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Save the previous value of a variable

Written byPhuoc Nguyen
16 Oct, 2023
In our previous post, we learned about the `useRef()` hook, which helps us persist values to avoid unnecessary re-renders. Today, we'll delve into another practical application of `useRef()`: tracking the previous value of a variable.
Tracking the previous value of a variable can be useful in many ways. For instance, it can help us detect changes in state and trigger certain actions accordingly. It can also aid in comparing the current value with the previous value to determine if there have been any changes.
This is especially handy when implementing undo/redo functionality, where you need to compare the current value of something to its previous value. By being able to easily access the previous value, we can compare it with the current value and determine if any changes have been made.
Moreover, tracking the previous value can be helpful when dealing with form inputs or user interactions. By keeping track of the previous value, we can easily revert back to it if needed or validate against it.
Overall, there are numerous scenarios where tracking the previous value of a variable can come in handy, making our code more robust and efficient.

Keeping track of previous values with a custom hook

We'll create a custom hook called `usePrevious` to keep track of the previous value of a state in React.
This hook uses a ref to store the previous value, which gets updated every time the component re-renders. Here's an example implementation of the `usePrevious` hook:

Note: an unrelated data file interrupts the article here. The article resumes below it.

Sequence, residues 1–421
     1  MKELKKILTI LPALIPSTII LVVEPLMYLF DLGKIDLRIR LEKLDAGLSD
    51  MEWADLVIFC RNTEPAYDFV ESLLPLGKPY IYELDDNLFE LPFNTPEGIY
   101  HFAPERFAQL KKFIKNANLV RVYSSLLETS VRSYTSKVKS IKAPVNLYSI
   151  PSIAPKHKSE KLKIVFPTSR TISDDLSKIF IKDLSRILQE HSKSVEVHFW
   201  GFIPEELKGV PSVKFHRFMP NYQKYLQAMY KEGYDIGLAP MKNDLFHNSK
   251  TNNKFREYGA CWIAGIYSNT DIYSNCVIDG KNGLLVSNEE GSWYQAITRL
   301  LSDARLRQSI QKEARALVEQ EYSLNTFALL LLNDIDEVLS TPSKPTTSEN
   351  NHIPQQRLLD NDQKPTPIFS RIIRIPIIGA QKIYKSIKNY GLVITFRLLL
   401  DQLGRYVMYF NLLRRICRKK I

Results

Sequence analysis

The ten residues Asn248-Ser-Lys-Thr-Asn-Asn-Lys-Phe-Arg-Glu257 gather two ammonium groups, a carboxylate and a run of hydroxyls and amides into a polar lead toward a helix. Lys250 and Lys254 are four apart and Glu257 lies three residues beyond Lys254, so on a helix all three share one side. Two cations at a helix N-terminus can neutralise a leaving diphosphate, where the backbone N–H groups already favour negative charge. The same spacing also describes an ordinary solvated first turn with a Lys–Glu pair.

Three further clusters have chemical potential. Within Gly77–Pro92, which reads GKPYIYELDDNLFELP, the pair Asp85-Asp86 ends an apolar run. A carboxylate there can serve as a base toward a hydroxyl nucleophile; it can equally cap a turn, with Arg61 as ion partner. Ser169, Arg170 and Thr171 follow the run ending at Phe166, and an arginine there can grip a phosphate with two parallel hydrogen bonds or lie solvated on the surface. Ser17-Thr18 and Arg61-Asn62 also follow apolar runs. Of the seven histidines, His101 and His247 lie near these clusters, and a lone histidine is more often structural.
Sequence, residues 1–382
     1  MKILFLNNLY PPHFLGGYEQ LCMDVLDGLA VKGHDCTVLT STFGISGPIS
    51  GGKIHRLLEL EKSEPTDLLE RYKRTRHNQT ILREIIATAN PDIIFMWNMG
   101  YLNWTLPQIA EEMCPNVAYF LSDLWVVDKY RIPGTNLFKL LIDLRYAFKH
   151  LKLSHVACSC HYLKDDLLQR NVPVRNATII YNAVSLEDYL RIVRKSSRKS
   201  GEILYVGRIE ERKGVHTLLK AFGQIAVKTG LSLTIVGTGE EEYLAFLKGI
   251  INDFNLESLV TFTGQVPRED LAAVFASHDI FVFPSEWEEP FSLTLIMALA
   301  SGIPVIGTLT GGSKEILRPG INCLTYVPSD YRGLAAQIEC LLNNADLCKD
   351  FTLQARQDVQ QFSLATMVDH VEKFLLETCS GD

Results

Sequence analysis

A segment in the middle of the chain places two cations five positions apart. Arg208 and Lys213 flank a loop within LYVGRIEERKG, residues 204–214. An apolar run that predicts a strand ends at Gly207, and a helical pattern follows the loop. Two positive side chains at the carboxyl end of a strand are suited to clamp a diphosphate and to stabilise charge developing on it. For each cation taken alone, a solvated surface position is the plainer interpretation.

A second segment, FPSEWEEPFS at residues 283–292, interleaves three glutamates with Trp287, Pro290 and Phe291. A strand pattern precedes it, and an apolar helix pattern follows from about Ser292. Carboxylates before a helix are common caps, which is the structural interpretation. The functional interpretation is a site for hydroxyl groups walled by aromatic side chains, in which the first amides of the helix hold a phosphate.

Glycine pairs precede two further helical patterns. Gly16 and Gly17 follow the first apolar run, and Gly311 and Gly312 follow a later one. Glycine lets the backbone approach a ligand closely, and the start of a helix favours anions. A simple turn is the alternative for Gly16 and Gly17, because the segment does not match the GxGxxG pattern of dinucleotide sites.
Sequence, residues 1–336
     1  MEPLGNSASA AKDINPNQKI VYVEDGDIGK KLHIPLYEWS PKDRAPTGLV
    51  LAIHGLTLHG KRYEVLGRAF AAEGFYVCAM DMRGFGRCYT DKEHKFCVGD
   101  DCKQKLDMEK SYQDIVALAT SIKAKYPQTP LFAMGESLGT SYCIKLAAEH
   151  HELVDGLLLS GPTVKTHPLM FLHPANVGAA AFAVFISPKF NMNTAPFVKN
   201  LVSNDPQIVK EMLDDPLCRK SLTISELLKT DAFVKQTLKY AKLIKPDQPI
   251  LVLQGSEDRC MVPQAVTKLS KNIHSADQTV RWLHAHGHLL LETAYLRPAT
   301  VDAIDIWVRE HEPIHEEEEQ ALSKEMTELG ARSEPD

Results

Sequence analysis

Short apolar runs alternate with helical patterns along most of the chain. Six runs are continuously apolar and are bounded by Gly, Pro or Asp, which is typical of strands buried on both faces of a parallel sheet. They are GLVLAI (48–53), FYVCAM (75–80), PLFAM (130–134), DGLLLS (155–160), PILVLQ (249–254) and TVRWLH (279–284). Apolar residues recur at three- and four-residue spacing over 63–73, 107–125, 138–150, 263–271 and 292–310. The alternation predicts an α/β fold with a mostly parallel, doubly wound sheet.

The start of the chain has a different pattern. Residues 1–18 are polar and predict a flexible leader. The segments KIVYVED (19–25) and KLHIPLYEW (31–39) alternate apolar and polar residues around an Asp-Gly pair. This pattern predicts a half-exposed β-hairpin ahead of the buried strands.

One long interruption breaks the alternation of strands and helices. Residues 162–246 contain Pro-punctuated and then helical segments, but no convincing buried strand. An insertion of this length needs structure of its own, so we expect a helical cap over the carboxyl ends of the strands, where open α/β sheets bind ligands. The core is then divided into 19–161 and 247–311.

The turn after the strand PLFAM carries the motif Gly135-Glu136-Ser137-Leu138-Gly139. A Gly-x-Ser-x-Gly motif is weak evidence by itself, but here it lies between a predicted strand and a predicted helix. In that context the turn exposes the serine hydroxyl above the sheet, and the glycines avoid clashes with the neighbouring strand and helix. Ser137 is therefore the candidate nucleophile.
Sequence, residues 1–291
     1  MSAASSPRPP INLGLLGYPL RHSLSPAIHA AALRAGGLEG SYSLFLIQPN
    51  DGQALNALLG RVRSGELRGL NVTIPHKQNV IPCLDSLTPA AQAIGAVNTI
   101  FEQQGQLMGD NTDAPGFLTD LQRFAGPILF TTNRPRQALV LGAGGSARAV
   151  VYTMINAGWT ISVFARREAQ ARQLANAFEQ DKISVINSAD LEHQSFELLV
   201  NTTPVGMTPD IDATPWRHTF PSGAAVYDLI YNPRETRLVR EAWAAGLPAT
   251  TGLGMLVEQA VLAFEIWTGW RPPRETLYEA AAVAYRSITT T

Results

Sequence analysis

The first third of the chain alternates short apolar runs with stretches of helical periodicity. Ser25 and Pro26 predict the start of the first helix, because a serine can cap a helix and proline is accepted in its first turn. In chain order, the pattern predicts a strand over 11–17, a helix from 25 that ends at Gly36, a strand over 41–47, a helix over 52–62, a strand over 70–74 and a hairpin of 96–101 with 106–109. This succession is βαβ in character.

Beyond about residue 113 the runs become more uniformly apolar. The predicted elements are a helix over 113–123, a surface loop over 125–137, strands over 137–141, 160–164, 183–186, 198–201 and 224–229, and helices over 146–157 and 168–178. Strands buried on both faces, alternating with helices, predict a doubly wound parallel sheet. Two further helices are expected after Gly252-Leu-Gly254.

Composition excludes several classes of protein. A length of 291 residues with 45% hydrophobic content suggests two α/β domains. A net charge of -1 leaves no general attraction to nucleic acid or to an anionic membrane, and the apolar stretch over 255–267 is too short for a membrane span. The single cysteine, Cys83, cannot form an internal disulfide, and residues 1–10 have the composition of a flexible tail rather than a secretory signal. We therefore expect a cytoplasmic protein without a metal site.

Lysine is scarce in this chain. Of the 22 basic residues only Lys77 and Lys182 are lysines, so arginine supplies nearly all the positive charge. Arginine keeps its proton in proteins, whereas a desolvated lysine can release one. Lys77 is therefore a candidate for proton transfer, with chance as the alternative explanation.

import * as React from 'react';

const usePrevious = (value) => {
const ref = React.useRef();
React.useEffect(() => {
ref.current = value;
return ref.current;
In this example, we're creating a new ref with `useRef` to store the previous value. Then, we're using `useEffect` to update this ref every time the component re-renders. Finally, we're returning the current value of the ref using `return ref.current`.
By using this hook in your components, you can easily access and compare previous values without the hassle of manually storing them yourself. This can greatly simplify your code and make it easier to understand.

Discovering scroll direction

Let's explore some useful applications of the `usePrevious` hook. First, we'll discuss detecting the scroll direction.
Detecting scroll direction is commonly used for infinite scrolling. By knowing whether the user is scrolling up or down, we can fetch data accordingly and append it to the existing list. This boosts performance by reducing the amount of data that needs to be loaded at once.
Another use case is for scroll-based animations. You may want to trigger an animation when a certain element comes into view while scrolling down, but not when scrolling up. By detecting the scroll direction and position, you can easily determine when to trigger the animation.
Additionally, detecting scroll direction can be useful in creating custom navigation menus that change based on the user's scroll position. For example, you could have a menu that appears at the top of the page when scrolling up and disappears when scrolling down, providing a more immersive user experience.
Overall, detecting scroll direction can be creatively used in many ways to enhance your web applications.